Samsung Galaxy Watch4 review
The Samsung Galaxy Watch4 series premieres the brand new Exynos W920 chipset. Designed specifically for wearables, this new 5nm chipset is a big step up from its predecessor, the 10nm Exynos W9110.
The new SoC brings a 20% boost to CPU performance and up to 10 times better GPU performance over the silicon inside the Galaxy Watch3 series. That last bit is felt through the animations on this year's watch when you compare it side by side with the previous generation.
Despite the upgrade in CPU performance, it's still a dual-core processor, and the clock speed is almost the same - 1.18GHz vs. 1.15GHz.
The new Galaxy Watch4 series bring twice the storage over their predecessor and 50% more RAM - all models now come with 1.5GB of RAM and 16GB of storage. The last bit is handy when you want to download a bunch of Spotify playlists for offline listening.
Another notable improvement is the display. It's sharper than last year's thanks to an increase in resolution - 396x396px on the smaller models and 450x450px on the larger ones, up from the global 360x360px resolution used on the older generation models. Text and graphics are very sharp. Samsung's myriad of watch faces really pop on this canvas.
Otherwise, the display is as good as last year's, which is to say it's about the best display on a smartwatch you can have. It's easily visible outdoors and won't take your eyes out in dim indoor conditions.
A word on the BioActive sensor, specially developed for the Galaxy Watch4 series. Samsung put electrodes in the bottom part of the watch as well as the buttons that put a very weak current through your skin to measure the amount of water through impedance. Water has low impedance to electricity, which is what the sensors look for.
In 15 seconds, the Galaxy Watch4 measures electric currents 2,400 times. It then uses the impedance data to estimate your body composition breakdown - that includes fat, skeletal muscle, water and basal metabolic rate. This gives you a BMI (body mass index) reading, which you can then use as a tracking point for the future - the BMI and its individual components will change over time through your diet and workouts.
Samsung claims its BMI measurement is 98% accurate when compared to professional DEXA/DXA (bone densitometry) scanners. We haven't verified this, but you would still get valuable information from the watch if you monitored your BMI over time. Just make sure you hydrate well before measuring, as the measurement consistency of this type of sensor vastly depends on how hydrated you are overall.
The same sensor also does heart readings. One is an electrocardiogram (ECG), and the other is a blood pressure reading - both modes rely on the electrodes inside the two buttons, and you need to follow the instructions on the watch (keep hands up, keep still, don't talk, etc.). However, to reiterate, both the ECG and Blood Pressure functionalities need to be certified in the specific country where you reside so that Samsung enables them, so check for your locale if either feature is important to your purchase decision.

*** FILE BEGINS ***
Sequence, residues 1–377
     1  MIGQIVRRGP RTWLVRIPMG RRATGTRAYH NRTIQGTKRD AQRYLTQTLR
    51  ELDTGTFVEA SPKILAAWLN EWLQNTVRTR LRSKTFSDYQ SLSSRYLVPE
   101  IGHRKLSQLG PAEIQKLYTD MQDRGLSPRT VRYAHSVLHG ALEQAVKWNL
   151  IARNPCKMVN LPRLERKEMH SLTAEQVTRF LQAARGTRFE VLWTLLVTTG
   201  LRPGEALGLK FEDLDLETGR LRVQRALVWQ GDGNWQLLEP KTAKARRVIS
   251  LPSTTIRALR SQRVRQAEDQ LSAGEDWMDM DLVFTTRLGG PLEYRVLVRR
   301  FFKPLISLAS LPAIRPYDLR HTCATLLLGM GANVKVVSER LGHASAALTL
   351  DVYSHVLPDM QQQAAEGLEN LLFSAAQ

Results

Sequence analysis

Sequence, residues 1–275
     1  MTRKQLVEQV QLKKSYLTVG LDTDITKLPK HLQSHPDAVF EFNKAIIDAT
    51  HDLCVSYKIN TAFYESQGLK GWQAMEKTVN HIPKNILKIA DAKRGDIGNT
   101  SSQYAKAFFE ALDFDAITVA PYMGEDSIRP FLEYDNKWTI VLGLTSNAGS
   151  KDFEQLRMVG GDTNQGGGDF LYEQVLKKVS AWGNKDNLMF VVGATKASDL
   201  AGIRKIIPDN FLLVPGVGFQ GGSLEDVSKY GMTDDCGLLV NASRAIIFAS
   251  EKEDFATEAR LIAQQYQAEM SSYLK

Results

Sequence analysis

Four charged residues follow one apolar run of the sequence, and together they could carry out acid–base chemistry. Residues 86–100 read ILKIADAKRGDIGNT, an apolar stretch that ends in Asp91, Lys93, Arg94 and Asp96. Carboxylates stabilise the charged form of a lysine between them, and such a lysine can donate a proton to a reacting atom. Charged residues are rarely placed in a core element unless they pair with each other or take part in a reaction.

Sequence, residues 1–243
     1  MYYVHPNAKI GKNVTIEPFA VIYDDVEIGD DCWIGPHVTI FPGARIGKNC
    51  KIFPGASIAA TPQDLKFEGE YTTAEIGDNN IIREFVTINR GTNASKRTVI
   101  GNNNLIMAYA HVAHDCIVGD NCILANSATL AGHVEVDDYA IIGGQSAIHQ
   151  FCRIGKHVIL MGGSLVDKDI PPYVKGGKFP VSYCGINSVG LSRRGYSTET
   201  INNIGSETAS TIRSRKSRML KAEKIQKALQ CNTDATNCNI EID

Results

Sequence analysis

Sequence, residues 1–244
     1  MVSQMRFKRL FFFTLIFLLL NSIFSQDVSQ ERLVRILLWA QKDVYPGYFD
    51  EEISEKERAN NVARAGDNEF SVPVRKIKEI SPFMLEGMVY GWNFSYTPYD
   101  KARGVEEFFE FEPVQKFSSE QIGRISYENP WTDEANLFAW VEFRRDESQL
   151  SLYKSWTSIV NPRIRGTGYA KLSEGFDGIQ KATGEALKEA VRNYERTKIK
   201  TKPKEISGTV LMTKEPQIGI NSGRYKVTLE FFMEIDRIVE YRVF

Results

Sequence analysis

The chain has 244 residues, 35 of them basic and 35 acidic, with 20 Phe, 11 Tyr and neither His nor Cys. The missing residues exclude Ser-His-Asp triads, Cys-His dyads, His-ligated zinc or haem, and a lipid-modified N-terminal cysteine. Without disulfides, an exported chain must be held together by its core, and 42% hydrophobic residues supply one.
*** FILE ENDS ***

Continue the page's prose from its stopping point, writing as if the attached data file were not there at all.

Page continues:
You can also measure your heart rate and blood oxygen levels, like you could on the older generation Galaxy Watch3.
Finally, a word on vibration. It's very strong on the Galaxy Watch4. And it's a quality-feeling buzz, not a 90s Nokia buzz. Where we would've liked a bit more from the Galaxy Watch4's motor is its fusion with the software - every haptic moment is long and strong, there are no subtle little nudges or taps from notifications or apps.
Samsung claims the same 'multi-day' battery life for the Galaxy Watch4 series as it did with the Galaxy Watch3. The unit we've tested is the 40mm model with a 247mAh battery, which is the same as last year's 40mm model. The larger 44mm and 46mm come with a 361mAh, a bit bigger than the 340mAh of old.
Overall, you shouldn't expect more than two days of battery life from a single charge. On a day with notifications on and always on display, we did a workout of around 1 hour and 30 minutes and then spent the night with the watch on for sleep tracking. The next morning we had about 20% battery left, which went down to around 15% after the morning commute to the office.
With a similar day of use without workouts but still with sleep tracking, we had the watch at 40% when we opened our eyes in the morning. If you refrain from the always-on and notifications, you might be able to squeeze three days out of the Galaxy Watch4, but only barely. The larger models with the bigger battery might be able to achieve a few more hours here and there, but you should likely expect similar up to two days battery life.
A full charge took an hour and a half.
- 12 Nov 2022
Maybe something very recent to be aware of that the (title quote from source, google it) "Samsung Galaxy Watch 4 new update can "paralyze" smartwatches" . No fix and Samsung acknowledge unknown versions of this model can be affec...
- 29 Oct 2022
I brought the samsung galaxy 5 pro a week ago and the strap has left burn mark on my wrist where the buckle does up , they are very sore and have burst causing my skin to be vet red . I have brought an alternative strap but surelythis should not ha...
- 26 Oct 2022
Pointless piece of crap what is the point in a watch that needs changing everyday. I have one and it's useless may as well have a solar battery too ffs. Never again going back to Huawei watch lasted 2 weeks on 1 charge waste of money